Sauvignon Blanc in Bordeaux often ages in oak barrels, a common practice in Pessac. Time in the barrel calms down some of the grape’s friskiness, and gives the resulting wine more complexity and longevity. Accordingly, here you’ll find higher-priced wines, but still excellent values when compared to other prestige wines.

“I always look for white Bordeaux with some age. It can be a glorious thing if you find it,” says Jeff Harding, wine director at Manhattan’s Waverly Inn, where he hosts a series of discovery dinners featuring lesser-known French wines and regions. He advises drinkers to “look to a chateau that knows how to use oak in its red wines and you’ll find it used as precisely in its whites.”

The white wines of Graves, according to Peter Plaehn, general manager of Stone Lake Bottle Shop in the Minneapolis metro area, lie somewhere in between the gravity of Pessac and the conviviality of Entre-deux-Mers. He sees them as somewhat of a wild card, which, like Burgundy, requires knowing the producers. 

“There’s a dynamic quality shift in Graves with more variety in flavor and minerality,” he says. That’s in part because Graves is a truly terroir-driven area, its name derived from gravel, the main soil component of the region. Plaehn likes to serve it with second and third courses. “With age, you can go with fuller courses because the wine brings the weight and complexity of development.”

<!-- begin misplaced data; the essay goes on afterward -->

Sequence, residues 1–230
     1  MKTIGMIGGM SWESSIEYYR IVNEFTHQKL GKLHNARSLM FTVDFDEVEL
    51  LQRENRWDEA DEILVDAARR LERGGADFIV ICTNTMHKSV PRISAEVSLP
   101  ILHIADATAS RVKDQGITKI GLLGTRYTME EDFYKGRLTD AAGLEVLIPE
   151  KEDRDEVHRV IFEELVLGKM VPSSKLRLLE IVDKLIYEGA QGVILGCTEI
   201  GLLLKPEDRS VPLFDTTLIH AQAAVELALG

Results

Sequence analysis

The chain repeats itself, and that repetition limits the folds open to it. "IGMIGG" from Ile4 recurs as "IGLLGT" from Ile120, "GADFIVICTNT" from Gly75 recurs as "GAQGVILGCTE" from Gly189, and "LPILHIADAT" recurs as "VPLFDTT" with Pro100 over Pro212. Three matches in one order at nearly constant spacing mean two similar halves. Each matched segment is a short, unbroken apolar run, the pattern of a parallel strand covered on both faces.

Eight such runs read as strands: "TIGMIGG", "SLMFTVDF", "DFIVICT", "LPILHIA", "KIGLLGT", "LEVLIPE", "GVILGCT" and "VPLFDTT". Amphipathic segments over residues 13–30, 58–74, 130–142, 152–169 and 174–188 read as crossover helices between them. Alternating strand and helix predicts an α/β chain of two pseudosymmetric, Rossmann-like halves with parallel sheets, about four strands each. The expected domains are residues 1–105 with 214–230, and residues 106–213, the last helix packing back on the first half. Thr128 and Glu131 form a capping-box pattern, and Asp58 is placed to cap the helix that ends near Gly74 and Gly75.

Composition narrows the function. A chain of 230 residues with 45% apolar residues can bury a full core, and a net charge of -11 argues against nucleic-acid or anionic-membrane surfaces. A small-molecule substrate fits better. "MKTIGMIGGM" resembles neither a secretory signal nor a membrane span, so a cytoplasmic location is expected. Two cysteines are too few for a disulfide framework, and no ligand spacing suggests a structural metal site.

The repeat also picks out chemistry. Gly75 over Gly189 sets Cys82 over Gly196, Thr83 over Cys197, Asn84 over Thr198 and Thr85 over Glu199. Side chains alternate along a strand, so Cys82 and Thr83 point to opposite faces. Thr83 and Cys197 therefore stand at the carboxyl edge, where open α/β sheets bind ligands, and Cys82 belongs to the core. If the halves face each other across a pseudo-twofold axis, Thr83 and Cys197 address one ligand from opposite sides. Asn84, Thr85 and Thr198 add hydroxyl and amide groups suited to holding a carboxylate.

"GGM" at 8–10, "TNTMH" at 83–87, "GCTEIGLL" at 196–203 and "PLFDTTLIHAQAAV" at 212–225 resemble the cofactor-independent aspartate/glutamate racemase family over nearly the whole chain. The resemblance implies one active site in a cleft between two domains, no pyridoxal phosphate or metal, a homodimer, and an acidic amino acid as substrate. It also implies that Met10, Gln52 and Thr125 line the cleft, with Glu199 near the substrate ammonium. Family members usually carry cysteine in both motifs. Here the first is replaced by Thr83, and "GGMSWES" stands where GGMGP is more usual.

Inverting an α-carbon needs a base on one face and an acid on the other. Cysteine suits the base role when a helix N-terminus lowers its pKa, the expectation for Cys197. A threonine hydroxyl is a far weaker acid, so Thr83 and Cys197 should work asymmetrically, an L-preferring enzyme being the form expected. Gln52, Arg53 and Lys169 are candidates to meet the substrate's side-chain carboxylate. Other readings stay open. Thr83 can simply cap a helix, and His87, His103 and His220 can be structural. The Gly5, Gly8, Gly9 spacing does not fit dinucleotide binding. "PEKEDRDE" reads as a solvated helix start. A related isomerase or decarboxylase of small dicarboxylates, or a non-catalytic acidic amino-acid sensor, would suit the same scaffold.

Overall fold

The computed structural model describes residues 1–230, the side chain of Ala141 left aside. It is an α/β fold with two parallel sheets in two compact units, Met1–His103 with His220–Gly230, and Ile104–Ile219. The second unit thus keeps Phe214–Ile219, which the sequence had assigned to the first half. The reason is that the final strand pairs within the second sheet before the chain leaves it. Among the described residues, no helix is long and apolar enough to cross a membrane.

Entre-deux-Mers features riper fruit, with rounder wines that are more approachable, earlier. A large region, the styles vary among producers with proportions and aging less use of oak, but supreme value remains constant.

Frank says she likes introducing white Burgundy drinkers to white Bordeaux not only for its relative affordability, but because, in the cases of Pessac and Graves, you can sometimes sway stalwart drinkers of other regions.

“The grapes are obviously different, but just like white Burgundy drinkers would say it’s not Chardonnay … it’s Burgundy, the same can be said about the best white Bordeaux. It’s not about the grapes, it’s about the place and the style.”

3 white Bordeaux to try:

bottle of Château Tour de Mirambeau Entre-deux-Mers 2020

Château Tour de Mirambeau, Entre-deux-Mers 2020 ($14)

A fresh and zesty 70% Sauvignon Blanc-driven  blend to drink on its own or with certain vegetables that are notoriously difficult to pair with whites. Also try it with a garlicky pesto of mustard greens. 

bottle of Château Graville-Lacoste Graves Blanc 2019

Château Graville-Lacoste, Graves Blanc 2019 ($17)

Six months in stainless tanks preserves the freshness of this wine. Sémillon, at 75%, takes over the blend, giving this a rounder and textured palate, layered with yellow apples and a tinge of honey. The 20% Sauvignon Blanc provides an energetic lift, and the remaining Muscadelle contributes floral aromatics.

bottle of Les Hauts de Smith Pessac-Léognan Blanc 2019

Les Hauts de Smith Pessac-Léognan Blanc 2016 ($39)

This is a rare example of 100% Sauvignon Blanc aged in 50% new oak. Subtle woods spices do not interfere with the purity of fruit, showing rich Meyer lemon compote and yellow apples. A slight saline aspect hints of the maritime influence that is uniquely Bordeaux. Pessac wines carry higher price tags, but still represent excellent bargains for a prestige category.